Steinthôrsson et al., 1987; Neuhoff et al., 1999, 2000; Weisenberger and Selbekk, 2009). Iceland is of course the type locality for Iceland spar, a chemically and optically pure form of calcite (Kristjansson, 2012). Unaltered Icelandic basalt contains ~0.20 wt% calcite, whereas altered basalt contains ~8 wt%, with some rocks surrounding active geothermal systems displaying as much as ~15 wt% (Wiese et al., 2008). Icelandic basalt is not unique in this regard. Many igneous rocks contain accessory calcite (Jacobson and Blum, 2000; White et al., 2005). In watersheds draining granite and schist, the chemical weathering of accessory calcite often dominates riverine Ca and alkalinity fluxes (Mast et al., 1990; Clow and Drever, 1996; Blum et al., 1998; Jacobson et al., 2003; Oliva et al., 2004). Only a few studies have recognized the importance of accessory calcite weathering in Iceland (Raiswell and Thomas, 1984; Georg et al., 2007), but the full implications with respect to the long-term carbon cycle have not been realized. Trace calcite typically contains non-atmospheric carbon (Templeton et al., 1998; White et al., 2005). Therefore, given how the long-term carbon cycle works (e.g., Berner et al., 1983), the dissolution of trace calcite by carbonic acid has no impact on climate change over geologic timescales. The CO2 that contributes to the formation of hydrothermal calcite in Iceland originates from the mantle (Arnorsson and Barnes, 1983; Marty et al., 1991; Arnôrsson, 1995, 2014; Barry et al., 2014). Thus, the possibility exists that riverine fluxes of Ca and carbonate alkalinity from Icelandic watersheds cannot be used to calculate the extent of CO2 drawdown by silicate weathering without first correcting for the calcite weathering contribution.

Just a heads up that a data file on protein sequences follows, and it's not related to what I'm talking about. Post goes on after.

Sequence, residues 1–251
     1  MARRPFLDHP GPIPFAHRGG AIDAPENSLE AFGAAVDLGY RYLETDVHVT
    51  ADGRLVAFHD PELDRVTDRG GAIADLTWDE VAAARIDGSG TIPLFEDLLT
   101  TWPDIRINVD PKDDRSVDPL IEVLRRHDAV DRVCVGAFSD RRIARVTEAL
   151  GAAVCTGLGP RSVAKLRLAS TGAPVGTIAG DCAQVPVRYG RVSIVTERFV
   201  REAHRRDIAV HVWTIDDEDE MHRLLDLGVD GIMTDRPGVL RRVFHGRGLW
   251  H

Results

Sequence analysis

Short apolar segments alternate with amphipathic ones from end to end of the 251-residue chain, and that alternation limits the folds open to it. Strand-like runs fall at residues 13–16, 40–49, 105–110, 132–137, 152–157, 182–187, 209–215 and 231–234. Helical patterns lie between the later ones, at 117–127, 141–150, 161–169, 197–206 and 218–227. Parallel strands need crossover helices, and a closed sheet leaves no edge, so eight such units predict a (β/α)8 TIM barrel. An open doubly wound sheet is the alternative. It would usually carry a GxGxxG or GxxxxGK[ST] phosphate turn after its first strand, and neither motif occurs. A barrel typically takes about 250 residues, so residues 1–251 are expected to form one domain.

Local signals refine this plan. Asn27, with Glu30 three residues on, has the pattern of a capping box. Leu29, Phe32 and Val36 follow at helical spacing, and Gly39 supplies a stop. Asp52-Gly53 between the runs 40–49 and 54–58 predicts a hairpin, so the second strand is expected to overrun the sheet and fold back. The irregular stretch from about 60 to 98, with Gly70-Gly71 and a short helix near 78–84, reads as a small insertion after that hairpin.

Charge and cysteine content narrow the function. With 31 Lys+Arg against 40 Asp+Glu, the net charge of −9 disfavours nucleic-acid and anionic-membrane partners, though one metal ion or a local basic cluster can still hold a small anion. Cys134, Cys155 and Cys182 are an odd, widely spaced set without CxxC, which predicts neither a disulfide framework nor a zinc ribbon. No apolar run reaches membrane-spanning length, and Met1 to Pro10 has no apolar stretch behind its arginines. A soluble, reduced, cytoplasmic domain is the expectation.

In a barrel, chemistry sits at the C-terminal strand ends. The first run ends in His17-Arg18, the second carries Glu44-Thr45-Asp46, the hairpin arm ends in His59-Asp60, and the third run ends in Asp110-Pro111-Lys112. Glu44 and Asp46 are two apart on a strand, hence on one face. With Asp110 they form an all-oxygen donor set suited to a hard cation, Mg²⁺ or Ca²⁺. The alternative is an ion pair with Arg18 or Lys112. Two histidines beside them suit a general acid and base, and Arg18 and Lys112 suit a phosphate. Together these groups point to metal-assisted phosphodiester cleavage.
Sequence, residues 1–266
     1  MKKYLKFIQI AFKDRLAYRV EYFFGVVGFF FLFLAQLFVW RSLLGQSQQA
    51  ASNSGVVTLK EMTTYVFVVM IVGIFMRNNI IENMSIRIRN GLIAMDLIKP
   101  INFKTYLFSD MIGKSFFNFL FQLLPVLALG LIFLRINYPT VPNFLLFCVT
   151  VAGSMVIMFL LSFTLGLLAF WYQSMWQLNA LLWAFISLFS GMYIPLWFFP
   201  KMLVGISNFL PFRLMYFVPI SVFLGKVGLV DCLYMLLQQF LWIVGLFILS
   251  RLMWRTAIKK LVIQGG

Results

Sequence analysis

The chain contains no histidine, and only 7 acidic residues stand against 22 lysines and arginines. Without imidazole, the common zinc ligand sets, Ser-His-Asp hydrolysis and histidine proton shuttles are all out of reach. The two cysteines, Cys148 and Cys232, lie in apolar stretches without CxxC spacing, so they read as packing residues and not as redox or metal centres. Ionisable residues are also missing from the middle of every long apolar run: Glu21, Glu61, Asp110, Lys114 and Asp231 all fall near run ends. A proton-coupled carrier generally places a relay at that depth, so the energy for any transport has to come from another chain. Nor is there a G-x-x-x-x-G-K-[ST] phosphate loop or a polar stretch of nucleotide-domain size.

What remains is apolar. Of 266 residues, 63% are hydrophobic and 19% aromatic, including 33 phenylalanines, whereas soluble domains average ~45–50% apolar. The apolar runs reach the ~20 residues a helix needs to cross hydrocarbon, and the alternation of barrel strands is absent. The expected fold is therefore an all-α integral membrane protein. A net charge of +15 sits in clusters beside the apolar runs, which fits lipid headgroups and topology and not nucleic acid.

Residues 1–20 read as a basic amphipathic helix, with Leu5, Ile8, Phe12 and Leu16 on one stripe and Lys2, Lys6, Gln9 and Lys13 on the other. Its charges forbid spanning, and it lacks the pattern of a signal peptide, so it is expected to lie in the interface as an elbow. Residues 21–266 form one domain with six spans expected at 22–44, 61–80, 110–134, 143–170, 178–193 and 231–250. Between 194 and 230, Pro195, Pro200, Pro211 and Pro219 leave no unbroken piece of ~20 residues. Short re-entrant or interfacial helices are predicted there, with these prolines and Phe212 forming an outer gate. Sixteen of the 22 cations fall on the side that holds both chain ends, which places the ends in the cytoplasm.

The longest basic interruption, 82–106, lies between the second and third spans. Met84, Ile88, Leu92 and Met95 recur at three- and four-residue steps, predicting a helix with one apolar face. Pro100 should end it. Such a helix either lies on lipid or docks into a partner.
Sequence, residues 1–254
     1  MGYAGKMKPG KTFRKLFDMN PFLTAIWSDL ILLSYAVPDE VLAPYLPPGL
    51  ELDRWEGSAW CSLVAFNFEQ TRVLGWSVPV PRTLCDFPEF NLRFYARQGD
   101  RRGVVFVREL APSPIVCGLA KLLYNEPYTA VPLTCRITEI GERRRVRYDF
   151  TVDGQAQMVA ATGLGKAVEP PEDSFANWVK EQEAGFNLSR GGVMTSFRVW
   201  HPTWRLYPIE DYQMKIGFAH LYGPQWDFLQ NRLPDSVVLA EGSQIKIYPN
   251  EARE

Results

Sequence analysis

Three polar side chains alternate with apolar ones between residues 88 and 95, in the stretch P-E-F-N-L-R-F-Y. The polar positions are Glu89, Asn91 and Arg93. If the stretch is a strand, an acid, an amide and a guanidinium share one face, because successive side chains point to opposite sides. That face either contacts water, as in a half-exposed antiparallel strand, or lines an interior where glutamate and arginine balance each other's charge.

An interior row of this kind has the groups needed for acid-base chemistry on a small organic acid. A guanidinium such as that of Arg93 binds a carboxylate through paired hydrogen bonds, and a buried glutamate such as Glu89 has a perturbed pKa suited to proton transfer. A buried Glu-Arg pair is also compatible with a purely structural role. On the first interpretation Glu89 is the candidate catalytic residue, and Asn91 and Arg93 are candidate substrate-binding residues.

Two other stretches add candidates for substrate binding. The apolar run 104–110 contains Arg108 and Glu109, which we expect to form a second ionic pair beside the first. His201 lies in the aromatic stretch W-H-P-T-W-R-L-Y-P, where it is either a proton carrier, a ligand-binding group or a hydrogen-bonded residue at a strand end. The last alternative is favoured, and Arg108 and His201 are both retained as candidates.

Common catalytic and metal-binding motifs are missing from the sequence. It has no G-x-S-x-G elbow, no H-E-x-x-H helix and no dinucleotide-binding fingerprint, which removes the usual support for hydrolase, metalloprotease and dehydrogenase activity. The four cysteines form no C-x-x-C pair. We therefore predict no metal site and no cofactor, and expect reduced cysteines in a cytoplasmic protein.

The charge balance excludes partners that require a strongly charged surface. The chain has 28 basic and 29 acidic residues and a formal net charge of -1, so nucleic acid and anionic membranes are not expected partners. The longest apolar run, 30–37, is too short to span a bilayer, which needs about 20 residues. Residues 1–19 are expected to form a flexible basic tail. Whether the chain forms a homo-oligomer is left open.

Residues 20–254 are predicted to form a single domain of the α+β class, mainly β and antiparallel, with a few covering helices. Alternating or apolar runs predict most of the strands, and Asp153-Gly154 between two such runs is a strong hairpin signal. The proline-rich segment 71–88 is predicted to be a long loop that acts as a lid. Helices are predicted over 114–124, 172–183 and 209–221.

High-precision analysis of calcium isotope ratios (544/40Ca) offers one way to directly trace proportions of riverine Ca from silicate versus carbonate weathering, although challenges exist to differentiate effects of isotope fractionation from conservative mixing. For example, Ca isotope fractionation occurs during calcite precipitation (Lemarchand et al., 2004; Tipper et al., 2006) and might also occur during ion-exchange with clay minerals (Ockert et al., 2013). Plant uptake is another process that can fractionate Ca isotopes (Bullen et al., 2004; Wiegand, 2005; Page et al., 2008; Cenki-Tok et al., 2009; Holmden and Bélanger, 2010; Cobert et al., 2011; Farkas et al., 2011; Hindshaw et al., 2011, 2013b; Bagard et al., 2013; Schmitt et al., 2013). Indeed, some authors have attributed patterns of Ca isotope variation in streams and rivers to reflect fractionation during secondary calcite precipitation (Tipper et al., 2006), zeolite and clay formation (Hindshaw et al., 2013a), and plant uptake (Cenki-Tok et al., 2009; Holmden and Bélanger, 2010; Moore et al., 2013). Others have interpreted the isotopic variations in their studied systems to reflect source mixing processes stemming from mineral dissolution, i.e., the release of Ca from bedrock-forming minerals having unique 544/40Ca values, Ca concentrations, solubilities, dissolution rates, and modal abundances (Jacobson and Holmden, 2008; Moore et al., 2013). Laboratory-scale chemical weathering experiments provide some support for the mixing interpretation. For example, using a column reactor, Ryu et al. (2011) found that the time-dependent pattern of Ca isotope variation during granite weathering could be quantitatively linked to the dissolution of individual, Ca-bearing minerals having distinctive Ca isotope signatures.